Being in a tunnel, whilst being extremely claustrophobic, gives each of the characters a new fear; being discovered. Anything above a whisper could result in hundreds of people being killed, one slip could bring an entire army down upon your head. Truly chilling to think about. And the film definitely lets you feel that danger, with enough instances of unexpected explosions or horrifying discoveries to let you know that this is the real deal. I found myself holding my breath for minutes at a time, only breathing when the people onscreen found it safe to do so.
This could have easily dominated the entire film which would have made for an extremely scary movie involving characters which we knew nothing about. Instead, we are treated to generous amounts of our main character, Oliver Woodward's (played with incredible restraint by Brendan Cowell), backstory. And yes, the action in the trenches does overwhelm the somewhat weak love story between Oliver and his Marjorie, but it is a welcome break from the heart-in-mouth feeling of the war, and the overall effect is good, even though the script is not quite up to scratch and the girl who plays Marjorie can't act. These interruptions are felt to be exactly that near the end of the film and the wild tonal shifts are often offputting.
But beyond that, the script is brilliant. Throughout all of the war pieces, there is never once a moment which doesn't feel like it should be there, never feels forced and it flows beautifully. It also highlights the great Australian camaraderie in a way which is reminiscent of Peter Weir's Gallipoli with great set pieces such as Streaky drawing the fire of a machine gun away from his mates or having an improvised rugby on an unused battle field. These moments are used sparingly which makes them even more special when they take place.
One of the best decisions by writer David Roach was to include scenes of the German soldiers on the other side of the tunnel walls; showing their differences and their similarities to the Australians, making them more than just 'the enemy.' In fact if you weren't busy enough crossing your fingers for the Aussies, you'd be crossing them for the German guy whose outlandish ideas are constantly being shot down by his superiors. Showing the Germans to be human means that becomes all the more difficult to support Oliver's decisions, if they weren't difficult enough in the first place.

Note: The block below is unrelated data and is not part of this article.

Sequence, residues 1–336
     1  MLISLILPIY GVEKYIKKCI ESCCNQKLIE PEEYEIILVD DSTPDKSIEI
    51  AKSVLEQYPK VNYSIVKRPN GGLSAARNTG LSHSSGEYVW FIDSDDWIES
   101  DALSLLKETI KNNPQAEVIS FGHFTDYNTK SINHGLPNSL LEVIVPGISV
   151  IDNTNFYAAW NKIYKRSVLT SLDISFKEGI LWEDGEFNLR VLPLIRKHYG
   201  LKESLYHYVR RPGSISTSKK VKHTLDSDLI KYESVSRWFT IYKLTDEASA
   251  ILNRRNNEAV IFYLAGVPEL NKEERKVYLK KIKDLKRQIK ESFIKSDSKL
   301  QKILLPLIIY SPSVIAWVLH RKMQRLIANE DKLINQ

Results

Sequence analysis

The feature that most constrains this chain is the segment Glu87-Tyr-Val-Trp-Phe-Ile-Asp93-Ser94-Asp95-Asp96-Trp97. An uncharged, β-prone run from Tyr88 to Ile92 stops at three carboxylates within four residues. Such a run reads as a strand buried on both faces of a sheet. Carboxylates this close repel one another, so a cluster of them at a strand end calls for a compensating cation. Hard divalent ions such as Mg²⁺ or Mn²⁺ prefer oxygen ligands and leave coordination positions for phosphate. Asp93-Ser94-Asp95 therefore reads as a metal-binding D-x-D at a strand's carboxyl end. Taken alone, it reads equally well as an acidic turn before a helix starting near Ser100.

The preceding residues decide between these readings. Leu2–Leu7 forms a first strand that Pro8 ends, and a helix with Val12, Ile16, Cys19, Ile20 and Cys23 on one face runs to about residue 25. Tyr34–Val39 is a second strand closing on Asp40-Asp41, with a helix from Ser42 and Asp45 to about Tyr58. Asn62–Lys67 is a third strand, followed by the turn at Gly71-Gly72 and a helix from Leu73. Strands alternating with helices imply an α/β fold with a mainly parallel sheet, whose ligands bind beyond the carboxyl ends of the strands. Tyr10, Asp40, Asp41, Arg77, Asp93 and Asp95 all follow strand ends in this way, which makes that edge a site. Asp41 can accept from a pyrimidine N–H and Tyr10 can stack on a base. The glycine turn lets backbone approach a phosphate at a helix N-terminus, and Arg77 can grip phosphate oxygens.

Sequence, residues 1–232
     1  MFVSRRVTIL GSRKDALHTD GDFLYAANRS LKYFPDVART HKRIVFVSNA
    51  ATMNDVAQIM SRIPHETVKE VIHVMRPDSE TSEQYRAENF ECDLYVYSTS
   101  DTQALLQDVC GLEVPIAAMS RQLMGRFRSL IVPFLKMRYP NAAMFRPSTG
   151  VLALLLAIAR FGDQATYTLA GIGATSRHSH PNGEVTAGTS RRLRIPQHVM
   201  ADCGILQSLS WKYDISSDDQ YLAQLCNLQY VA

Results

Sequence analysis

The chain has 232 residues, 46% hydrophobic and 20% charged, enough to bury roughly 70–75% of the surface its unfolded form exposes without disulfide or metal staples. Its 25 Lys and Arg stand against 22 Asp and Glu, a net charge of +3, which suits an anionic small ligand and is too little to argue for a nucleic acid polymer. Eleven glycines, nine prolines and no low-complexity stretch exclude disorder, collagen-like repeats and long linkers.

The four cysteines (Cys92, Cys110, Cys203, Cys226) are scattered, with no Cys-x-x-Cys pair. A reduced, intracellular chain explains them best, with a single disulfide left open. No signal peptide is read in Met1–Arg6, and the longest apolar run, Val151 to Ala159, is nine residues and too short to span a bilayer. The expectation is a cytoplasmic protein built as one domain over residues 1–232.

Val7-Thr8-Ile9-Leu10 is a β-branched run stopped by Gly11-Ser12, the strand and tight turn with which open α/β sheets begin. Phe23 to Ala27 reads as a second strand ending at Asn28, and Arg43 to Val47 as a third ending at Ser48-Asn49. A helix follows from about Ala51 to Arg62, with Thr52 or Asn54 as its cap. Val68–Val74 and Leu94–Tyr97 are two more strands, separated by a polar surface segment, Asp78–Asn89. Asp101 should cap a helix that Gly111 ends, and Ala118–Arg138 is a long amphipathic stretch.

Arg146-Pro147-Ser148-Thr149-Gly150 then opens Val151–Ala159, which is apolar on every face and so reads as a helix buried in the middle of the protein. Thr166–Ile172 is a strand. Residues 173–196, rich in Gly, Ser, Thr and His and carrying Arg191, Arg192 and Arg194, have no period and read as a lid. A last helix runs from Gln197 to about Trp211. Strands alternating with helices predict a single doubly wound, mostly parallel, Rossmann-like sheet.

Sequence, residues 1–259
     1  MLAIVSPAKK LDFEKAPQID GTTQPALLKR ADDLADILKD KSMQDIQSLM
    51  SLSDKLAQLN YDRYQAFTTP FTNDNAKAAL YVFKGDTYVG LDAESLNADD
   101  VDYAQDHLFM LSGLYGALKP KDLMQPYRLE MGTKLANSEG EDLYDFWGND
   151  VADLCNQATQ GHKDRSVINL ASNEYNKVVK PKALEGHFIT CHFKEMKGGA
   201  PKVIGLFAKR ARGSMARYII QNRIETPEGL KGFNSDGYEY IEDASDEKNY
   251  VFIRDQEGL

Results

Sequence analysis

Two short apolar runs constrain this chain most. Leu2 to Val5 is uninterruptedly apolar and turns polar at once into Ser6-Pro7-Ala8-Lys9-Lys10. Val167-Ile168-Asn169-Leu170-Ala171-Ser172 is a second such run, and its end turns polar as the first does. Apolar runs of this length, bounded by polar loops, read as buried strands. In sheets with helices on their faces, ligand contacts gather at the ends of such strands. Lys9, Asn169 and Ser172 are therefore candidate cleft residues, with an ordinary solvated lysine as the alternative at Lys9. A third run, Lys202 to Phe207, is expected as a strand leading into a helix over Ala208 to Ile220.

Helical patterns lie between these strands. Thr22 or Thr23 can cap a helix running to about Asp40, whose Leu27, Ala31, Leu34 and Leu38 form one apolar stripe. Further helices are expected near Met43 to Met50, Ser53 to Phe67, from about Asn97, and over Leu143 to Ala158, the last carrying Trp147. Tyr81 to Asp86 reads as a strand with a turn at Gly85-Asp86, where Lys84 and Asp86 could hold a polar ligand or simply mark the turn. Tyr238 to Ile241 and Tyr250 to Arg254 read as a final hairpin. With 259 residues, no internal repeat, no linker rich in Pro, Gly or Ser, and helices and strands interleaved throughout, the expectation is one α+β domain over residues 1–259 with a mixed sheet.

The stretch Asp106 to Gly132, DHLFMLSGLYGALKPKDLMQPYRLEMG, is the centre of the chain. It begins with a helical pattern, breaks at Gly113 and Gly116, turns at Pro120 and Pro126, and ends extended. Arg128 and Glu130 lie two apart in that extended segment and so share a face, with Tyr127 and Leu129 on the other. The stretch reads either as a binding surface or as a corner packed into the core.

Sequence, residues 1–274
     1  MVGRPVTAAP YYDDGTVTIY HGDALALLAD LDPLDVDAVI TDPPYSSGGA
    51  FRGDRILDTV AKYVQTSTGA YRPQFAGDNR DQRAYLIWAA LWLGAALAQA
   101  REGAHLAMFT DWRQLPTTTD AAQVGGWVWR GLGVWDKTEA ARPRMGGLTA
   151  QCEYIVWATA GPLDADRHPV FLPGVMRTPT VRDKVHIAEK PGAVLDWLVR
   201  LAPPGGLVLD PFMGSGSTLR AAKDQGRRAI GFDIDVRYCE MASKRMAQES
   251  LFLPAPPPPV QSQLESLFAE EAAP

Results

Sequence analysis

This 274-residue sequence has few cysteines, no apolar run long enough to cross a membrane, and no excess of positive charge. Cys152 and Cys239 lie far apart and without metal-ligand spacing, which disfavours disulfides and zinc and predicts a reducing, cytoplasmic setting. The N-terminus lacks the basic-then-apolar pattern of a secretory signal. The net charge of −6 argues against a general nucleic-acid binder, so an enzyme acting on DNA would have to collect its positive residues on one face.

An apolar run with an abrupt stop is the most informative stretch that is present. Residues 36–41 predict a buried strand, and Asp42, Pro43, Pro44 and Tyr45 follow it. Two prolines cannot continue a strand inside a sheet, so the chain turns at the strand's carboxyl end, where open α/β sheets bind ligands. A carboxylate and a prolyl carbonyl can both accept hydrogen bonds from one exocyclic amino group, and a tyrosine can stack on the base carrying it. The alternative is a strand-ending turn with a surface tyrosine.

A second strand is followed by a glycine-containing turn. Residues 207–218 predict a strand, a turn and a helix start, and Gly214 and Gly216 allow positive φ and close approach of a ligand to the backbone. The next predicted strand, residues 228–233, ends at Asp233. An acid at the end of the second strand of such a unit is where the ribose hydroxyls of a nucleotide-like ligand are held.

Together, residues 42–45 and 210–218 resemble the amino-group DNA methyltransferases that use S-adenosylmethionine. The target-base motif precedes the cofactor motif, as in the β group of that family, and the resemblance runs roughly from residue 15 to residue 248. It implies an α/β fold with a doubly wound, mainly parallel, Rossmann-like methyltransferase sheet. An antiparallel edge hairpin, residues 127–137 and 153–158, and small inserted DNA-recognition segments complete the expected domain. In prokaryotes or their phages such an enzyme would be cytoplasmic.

The final, heartbreaking scene, is the best of the flashbacks, though it's technically a flashforward, and sums up the entire movie beautifully. Beneath Hill 60 is one of the best Australian war films ever made, joining the ranks of Gallipoli and Breaker Morant. Incredible film.
There can only be one. Woodward makes the toughest decision in his life.
When Australians think about the first World War, it pretty much begins and ends with Gallipoli. The equally bloody and pointless struggles of Australian troops in the trenches of the western front tends to get overlooked, and hopefully Beneath Hill 60 will go some small way towards redressing this imbalance.
It doesn't hurt that, unlike most World War I stories, this doesn't get bogged-down story-wise in labouring over the horror of the trenches and the futility of war-- which might be important messages, but can get a bit dull over two hours.
Beneath Hill 60 tells the story of Queensland miner Oliver Woodward (Brendan Cowell) and the First Australian Tunneling Division. Formed in 1916 to join the allied effort in tunneling under the German lines in Belgium, their mission was simple but dangerous: the Germans knew they were up to something, and were constantly digging counter-tunnels in the hope to breaking into theirs. Add in the risk of cave-ins, flooding, and the fact that they were going to be planting enough explosives under the German lines to create the biggest explosion the world had ever seen, and it's little wonder that much of this movie is suspense at its finest.
It's apparent that to broaden the film's appeal, there weren't any women in the trenches. After all, it could weaken what could have been a gripping and memorable thriller. Nevertheless, this flick is still a good war movie. It's just that there's clearly a great one buried in the mud that never quite manages to get out.